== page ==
We only had a couple of days however so day number one, we signed up for a group tour and and spent the day snorkelling, swimming and sunning ourselves with Superguide Eddie who made us hats from palm leaves as well as a kick-ass bbq lunch, and an American guy who insisted he didn't need any help putting sunscreen on his back and ended up with a pattern of well defined finger prints in cheerful shades of strawberries and cream.

For our second day we'd discovered that it only cost a teeny bit more to get a private boat and so decided to set out early and be the first to some of the nicest spots and enjoy the beaches before anyone else arrived - like virgin snow, there's something very pleasing about yours being the first footsteps on an untouched, pristine beach.

Our first stop was "Secret Beach". Accessible only at low tide by swimming through a hole in the cliffs, you have to time the waves to avoid being mashed against the rocks and coming out looking like you've gone 10 rounds with a particularly vicious cheese grater.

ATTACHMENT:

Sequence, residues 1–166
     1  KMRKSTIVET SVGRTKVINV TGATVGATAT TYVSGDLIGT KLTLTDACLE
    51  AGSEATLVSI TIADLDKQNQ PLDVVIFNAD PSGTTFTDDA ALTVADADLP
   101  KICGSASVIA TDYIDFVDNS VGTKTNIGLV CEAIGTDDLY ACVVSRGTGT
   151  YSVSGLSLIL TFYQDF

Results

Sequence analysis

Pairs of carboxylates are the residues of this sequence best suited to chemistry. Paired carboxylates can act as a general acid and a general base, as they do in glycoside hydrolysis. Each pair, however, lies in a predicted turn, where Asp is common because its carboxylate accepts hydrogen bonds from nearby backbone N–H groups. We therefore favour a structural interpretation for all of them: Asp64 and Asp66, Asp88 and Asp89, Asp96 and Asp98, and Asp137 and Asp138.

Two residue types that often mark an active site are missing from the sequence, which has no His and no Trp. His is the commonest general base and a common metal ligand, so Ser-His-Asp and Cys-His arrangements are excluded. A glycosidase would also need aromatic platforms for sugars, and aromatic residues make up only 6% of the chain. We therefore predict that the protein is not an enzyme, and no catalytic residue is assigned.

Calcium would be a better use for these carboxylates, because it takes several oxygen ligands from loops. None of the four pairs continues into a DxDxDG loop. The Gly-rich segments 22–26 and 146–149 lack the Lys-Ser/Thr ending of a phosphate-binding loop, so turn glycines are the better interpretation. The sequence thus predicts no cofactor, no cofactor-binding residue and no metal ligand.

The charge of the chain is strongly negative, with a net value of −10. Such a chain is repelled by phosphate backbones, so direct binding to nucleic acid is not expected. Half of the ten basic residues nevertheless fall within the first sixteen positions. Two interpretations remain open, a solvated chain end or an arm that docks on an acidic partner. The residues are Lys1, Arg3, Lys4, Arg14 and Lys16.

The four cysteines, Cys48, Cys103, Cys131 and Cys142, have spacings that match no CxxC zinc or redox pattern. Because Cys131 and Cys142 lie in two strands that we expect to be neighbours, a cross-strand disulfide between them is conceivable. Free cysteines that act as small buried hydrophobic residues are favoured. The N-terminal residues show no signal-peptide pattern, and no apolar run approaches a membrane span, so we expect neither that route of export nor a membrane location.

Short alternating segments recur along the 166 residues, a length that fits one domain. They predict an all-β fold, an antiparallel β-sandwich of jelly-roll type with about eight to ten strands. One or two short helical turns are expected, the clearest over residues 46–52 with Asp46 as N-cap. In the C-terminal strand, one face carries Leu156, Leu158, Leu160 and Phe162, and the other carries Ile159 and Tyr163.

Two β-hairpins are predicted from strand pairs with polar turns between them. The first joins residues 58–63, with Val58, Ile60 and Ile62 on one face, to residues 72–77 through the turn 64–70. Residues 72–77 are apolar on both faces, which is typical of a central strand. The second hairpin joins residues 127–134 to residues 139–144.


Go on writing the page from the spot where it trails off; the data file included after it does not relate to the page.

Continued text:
Fortunately we had Superguide Eddie to see us through and made it in with nothing but a few minor scrapes into the small crescent of sand surrounded 360 degrees by rocks. Beautiful as it is, it's not a place to linger with the knowledge that the water is only getting higher with every passing minute. We only managed to get a few pictures before our camera died a watery death and went to join my mobile phone in Davy's Locker, it having fallen victim to the seas just earlier that morning... it was not a good day for technology.

In fact it was not a good day for engineering of any sort it seemed as only a few minutes after returning to the boat, the engine sputtered and died. The rough seas earlier had bent the propeller shaft. Not unheard of apparently as they had a spare but after an hour of banging about below, we were still stuck, with a strong current pushing us toward one of those merciless looking cliffs I mentioned before. We managed avoid disaster by waving down another passing boat to tow us to the closest beach where we had lunch while waiting for a replacement. We finished up the day having to tow our original bangka back to El Nido, directly into the wind of an approaching storm with huge waves crashing all around and just made it back by nightfall cold, wet and in great need of beer.